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China internet outcry over United passenger fiasco

AFP logoAFP 11/04/2017

China social media users were in an uproar Tuesday over viral footage of a Chinese-American man dragged off an overbooked United Airlines flight, decrying perceived racism and calling for a boycott.

The videos taken by fellow passengers and posted to Twitter showed the man being forcibly pulled screaming from his seat by three security personnel.

Twitter -- along with other Western websites such as Facebook and Google -- is blocked on the mainland by the country's ruling Communist Party, which fears the unregulated spread of information it deems politically sensitive.

But footage of the Sunday showdown on the flight from Chicago to Louisville, Kentucky was reposted to China's Twitter-like Sina Weibo, where the subject quickly became the top trending topic, garnering over 120 million views and 80,000 comments -- many of them highly nationalistic in tone.

"Shameless! We won't forgive them. Ethnic Chinese around the world please boycott United Airlines!" wrote one commentator.

"There is a long history of discrimination against Asians. I hope Chinese people realize this reality and support domestic products," another user opined. "Don't feed those who look down on us!"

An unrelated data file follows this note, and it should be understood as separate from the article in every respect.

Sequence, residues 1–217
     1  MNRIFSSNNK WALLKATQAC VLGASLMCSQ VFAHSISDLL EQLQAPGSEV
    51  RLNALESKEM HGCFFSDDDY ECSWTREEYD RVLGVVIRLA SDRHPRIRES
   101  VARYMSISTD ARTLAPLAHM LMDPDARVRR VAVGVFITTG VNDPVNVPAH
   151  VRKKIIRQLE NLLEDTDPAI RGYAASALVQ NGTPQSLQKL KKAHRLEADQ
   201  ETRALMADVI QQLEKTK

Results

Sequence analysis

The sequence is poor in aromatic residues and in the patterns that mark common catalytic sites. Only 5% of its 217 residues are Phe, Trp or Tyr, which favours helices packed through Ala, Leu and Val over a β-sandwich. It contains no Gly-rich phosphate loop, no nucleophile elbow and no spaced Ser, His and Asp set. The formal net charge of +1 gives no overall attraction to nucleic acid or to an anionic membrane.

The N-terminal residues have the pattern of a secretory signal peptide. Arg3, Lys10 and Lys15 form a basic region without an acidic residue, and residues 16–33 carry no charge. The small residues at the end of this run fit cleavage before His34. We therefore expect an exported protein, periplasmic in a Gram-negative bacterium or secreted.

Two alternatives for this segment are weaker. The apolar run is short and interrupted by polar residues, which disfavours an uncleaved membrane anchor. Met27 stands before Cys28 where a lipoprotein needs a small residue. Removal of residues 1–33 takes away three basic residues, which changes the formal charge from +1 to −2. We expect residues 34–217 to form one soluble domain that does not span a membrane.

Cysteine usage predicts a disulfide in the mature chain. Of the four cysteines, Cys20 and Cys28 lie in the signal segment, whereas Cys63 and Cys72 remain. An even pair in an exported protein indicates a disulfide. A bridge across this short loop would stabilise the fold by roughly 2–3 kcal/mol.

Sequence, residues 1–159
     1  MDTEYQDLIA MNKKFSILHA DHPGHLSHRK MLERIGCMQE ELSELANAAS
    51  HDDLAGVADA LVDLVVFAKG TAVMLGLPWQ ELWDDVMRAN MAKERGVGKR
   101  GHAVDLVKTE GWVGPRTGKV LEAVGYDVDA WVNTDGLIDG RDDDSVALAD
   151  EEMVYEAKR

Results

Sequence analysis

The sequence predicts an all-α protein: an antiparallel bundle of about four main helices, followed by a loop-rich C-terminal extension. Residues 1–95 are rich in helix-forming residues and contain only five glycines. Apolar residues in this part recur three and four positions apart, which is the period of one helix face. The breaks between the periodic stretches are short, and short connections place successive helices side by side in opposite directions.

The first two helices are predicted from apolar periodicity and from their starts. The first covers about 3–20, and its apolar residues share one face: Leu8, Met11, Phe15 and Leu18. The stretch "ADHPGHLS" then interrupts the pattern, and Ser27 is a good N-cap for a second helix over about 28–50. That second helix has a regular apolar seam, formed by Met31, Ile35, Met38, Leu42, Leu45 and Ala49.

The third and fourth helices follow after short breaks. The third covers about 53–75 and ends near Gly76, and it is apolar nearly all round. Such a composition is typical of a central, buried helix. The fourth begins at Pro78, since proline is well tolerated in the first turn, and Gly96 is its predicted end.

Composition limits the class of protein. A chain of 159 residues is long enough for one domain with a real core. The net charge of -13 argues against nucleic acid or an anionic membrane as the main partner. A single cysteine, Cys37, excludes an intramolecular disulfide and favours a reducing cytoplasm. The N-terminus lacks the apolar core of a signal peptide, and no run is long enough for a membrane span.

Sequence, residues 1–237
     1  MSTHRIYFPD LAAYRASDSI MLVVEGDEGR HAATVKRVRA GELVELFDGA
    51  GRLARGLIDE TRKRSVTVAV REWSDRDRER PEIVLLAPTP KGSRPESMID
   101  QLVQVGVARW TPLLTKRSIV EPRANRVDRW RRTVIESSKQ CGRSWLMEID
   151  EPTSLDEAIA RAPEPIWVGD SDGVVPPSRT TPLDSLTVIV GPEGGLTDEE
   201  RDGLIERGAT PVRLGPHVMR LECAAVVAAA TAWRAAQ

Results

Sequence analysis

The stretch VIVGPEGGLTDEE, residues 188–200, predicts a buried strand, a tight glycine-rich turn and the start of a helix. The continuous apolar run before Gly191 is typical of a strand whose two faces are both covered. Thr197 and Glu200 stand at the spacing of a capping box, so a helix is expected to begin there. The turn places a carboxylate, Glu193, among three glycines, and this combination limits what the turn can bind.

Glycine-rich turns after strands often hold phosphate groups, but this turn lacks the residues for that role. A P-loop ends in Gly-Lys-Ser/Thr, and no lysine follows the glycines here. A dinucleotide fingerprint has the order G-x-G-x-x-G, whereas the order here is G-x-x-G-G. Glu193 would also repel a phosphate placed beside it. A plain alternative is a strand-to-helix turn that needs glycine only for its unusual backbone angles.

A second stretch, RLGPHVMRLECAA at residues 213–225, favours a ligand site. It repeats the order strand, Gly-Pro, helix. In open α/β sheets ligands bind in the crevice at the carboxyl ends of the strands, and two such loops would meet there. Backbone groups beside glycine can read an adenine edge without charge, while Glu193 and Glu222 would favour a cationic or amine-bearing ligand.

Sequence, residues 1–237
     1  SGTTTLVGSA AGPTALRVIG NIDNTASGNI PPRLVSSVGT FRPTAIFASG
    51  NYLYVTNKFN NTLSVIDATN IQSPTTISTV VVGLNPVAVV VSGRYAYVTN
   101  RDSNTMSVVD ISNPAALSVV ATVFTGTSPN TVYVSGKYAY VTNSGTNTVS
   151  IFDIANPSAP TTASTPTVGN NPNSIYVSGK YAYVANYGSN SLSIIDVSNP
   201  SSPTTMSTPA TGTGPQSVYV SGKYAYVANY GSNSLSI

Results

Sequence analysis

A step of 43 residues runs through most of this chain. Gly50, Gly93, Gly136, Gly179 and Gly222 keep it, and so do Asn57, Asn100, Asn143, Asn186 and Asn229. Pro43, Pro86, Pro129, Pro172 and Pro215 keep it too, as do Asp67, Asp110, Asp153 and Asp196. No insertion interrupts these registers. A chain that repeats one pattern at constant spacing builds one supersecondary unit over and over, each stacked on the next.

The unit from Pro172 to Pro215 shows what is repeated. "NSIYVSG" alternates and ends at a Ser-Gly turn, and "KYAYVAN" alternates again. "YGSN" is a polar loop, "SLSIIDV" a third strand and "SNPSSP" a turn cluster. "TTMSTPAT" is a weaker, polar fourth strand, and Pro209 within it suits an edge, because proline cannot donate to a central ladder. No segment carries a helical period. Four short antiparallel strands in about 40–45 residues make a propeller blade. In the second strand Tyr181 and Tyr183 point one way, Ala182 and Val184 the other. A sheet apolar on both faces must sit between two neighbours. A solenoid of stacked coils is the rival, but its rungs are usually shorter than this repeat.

It is a common sentiment among many mainlanders to view ethnic Chinese living abroad -- even those with no ties to China -- as compatriots.

United Airlines is one of the world's biggest airlines with a total fleet of more than 700 planes © Provided by AFP United Airlines is one of the world's biggest airlines with a total fleet of more than 700 planes United Airlines claims itself to be the biggest carrier to China, with more nonstop US-China flights and to more Chinese cities than any other airline, according to their website.

The company did not immediately respond to an emailed request for comment, but its CEO Oscar Munoz apologized for "having to re-accomodate" customers such as the Chinese-American man, who was being contacted directly to resolve the situation.

"Asian American or not, as a consumer who paid for his ticket, he was treated like a prisoner," one Weibo commenter said. "Things are better here at home."

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